Noreiga will be remembered for his feat

THE passing of Jack Noreiga, in his native Trinidad on August 8, aged 67, inevitably stirred memories of a Test match that reserved a special place in the game's history for both himself and for Indian cricket.

TONY COZIER

THE passing of Jack Noreiga, in his native Trinidad on August 8, aged 67, inevitably stirred memories of a Test match that reserved a special place in the game's history for both himself and for Indian cricket.

In the second Test at the Queen's Park Oval in Port-of-Spain in 1971 — and his second in a fleeting career that began and ended in the same series — Noreiga's nine for 95 made him the first West Indian to claim nine wickets in a Test innings, a unique record he carried with him to his grave. Only Colin Croft and Michael Holding, each with eight, have ever threatened it. Yet it was not enough to deny India a signal victory by seven wickets, their first over the West Indies after 16 previous Tests and three series.

Noreiga, an unassuming civil servant, was going on 35 and carrying the first signs of middle-age spread when he was recalled for Trinidad and Tobago for the 1971 regional Shell Shield tournament, nine years after his only previous match against Nari Contractor's Indian touring team of 1962.

Within a month, he was chosen for the first Test and, by the first innings of the second, his flighted off-spin on a typically helpful pitch earned him nine wickets in a row after opener Ashok Mankad had fallen to Grayson Shillingford.

A few fortunate factors aided Noreiga's rise from anonymity to overnight and permanent fame.

The West Indies bowling lacked the penetration that was its hallmark when they were irresistible in the mid-1960s. Suitable for replacements for their lethal fast bowling pair, Wes Hall and Charlie Griffith, were still several years away and Lance Gibbs' off-spin that made him the first West Indian to take 300 Tests wickets was in temporary decline.

In the circumstances, Noreiga was one of 12 bowlers used in a series that revealed a confident and united Indian team under Ajit Wadekar and announced the arrival of a new star, the 21-year-old Sunil Gavaskar, who compiled 774 runs (average 154.8).

In his two Shield matches, preceding the Tests, both at favourable Queen's Park, Noreiga claimed 17 wickets. They included 11 that led Trinidad and Tobago to their first victory in 26 years over the perennially powerful Barbados, led by Garry Sobers who would also captain him in the Tests.

Noreiga subsequently rated his bowling in that match even above his nine in the Test. Sobers was a second innings victim but he took special pleasure in twice bowling Seymour Nurse, then nearing the end of his career but still a batsman of high quality. Noreiga made little impression in the first Test in Jamaica, his first match outside of Trinidad (one for 69 in India's one innings of a drawn match) but was a different proposition back home at Queen's Park where Trinidadian spinners have revelled on the slow, turning, unpredictable pitch.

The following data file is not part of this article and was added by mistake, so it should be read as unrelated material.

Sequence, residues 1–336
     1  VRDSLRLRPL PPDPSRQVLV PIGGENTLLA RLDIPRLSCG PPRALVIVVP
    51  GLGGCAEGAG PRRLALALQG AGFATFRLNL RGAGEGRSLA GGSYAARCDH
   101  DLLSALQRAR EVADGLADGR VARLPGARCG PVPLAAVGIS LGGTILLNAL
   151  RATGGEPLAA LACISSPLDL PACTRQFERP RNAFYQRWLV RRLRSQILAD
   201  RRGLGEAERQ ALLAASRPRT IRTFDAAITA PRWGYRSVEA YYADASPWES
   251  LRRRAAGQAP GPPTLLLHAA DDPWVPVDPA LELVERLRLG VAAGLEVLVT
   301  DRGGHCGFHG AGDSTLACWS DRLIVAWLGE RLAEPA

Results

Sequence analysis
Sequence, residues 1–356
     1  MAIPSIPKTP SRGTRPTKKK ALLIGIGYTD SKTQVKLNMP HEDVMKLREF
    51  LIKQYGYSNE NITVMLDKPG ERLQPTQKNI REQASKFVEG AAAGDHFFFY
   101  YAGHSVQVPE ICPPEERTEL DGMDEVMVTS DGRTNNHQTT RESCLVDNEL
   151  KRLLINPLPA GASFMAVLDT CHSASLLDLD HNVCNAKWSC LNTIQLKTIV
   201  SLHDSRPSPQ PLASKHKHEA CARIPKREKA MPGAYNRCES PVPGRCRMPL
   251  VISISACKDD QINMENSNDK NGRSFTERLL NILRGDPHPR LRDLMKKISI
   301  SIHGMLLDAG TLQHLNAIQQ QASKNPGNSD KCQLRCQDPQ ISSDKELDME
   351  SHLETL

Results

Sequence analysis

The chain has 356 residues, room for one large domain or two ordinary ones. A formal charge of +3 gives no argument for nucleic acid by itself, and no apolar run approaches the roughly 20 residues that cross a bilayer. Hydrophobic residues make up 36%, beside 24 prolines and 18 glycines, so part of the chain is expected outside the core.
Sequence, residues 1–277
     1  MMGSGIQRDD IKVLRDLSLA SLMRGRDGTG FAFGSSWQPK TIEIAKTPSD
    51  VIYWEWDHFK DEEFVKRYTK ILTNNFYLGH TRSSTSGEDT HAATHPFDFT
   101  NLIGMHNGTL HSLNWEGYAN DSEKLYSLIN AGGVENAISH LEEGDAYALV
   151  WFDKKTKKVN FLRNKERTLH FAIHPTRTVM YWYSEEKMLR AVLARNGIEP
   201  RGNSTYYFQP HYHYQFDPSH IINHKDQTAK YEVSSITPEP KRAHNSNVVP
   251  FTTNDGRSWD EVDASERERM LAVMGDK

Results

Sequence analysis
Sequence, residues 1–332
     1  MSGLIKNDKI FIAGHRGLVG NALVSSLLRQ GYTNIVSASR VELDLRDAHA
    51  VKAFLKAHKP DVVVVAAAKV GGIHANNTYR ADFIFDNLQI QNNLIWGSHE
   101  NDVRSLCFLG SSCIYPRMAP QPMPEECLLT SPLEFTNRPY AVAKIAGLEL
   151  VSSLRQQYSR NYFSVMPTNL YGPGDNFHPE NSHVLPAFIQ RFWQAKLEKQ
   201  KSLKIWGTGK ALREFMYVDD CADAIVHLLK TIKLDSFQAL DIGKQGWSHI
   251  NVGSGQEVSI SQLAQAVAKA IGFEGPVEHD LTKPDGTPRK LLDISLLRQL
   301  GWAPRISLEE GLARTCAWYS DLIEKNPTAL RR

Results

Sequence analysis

West Indian woes were foreshadowed by the loss of the toss and the bustling Abid Ali's first ball. It was a shooter — a "rat" or "ground-eater" in West Indian jargon — that took the startled left-hander Roy Fredericks on the pad before rolling back onto the stumps.

In spite of an order that also included Sobers, Rohan Kanhai, Clive Lloyd and the solid Charlie Davis, the West Indies could only muster 214 with four wickets to Erapalli Prasanna and three of Bishen Bedi. It was an early ticket to defeat.

Mankad and Gavaskar (on Test debut) laid a solid foundation to the reply with an opening partnership of 68 before the lively Shillingford bowled Mankad. After that, every wicket was Noreiga's but they were not frequent enough nor cheap enough to prevent India building a lead of 138 in which Dilip Sardesai's 112 was the second of three centuries in the series.

As the players left the field at the end of the innings, Sobers suitably handed Noreiga the ball and thrust him forward to lead the West Indies off. As Noreiga recalled later, Shillingford, the only other wicket-taker and always one ready for a laugh, quickly moved to his side to accompany him off, saying "Ah, Jack, we wrecked 'em!"

The luck that seemed against them from the start once more deserted the West Indies entering the fourth day. Steady, but unpenetrative, outside of Queen's Park, Noreiga was dropped for the fourth Test in Barbados but when reinstated for the fifth and final match at Queen's Park, he took five for 129 in the second innings.

It was not enough to secure the win the West Indies needed to square the series as Gavaskar's 124 and 220 ensured a comfortable draw and the only series triumph India have managed in the Caribbean. Of his 17 Test wickets, at an average of 29 runs each, 15 were at Queen's Park.

By the following year, the Noreiga magic had worn thin. He lost his place in the Trinidad and Tobago team after three Shield matches, was not picked for the Tests against New Zealand and slipped back into club and zonal cricket in Trinidad.

He eventually turned to coaching and looking after a family of nine children, which he did with increasing difficulty but without complaint.

Sobers, who led Noreiga in his four Tests, remembered him as "a very useful bowler, especially at the Queen's Park Oval" but even more as "a jovial personality and real team man."

"Like most Trinidadians, he enlivened the dressing room with his humour," Sobers added.

It was a distinct attribute in that series.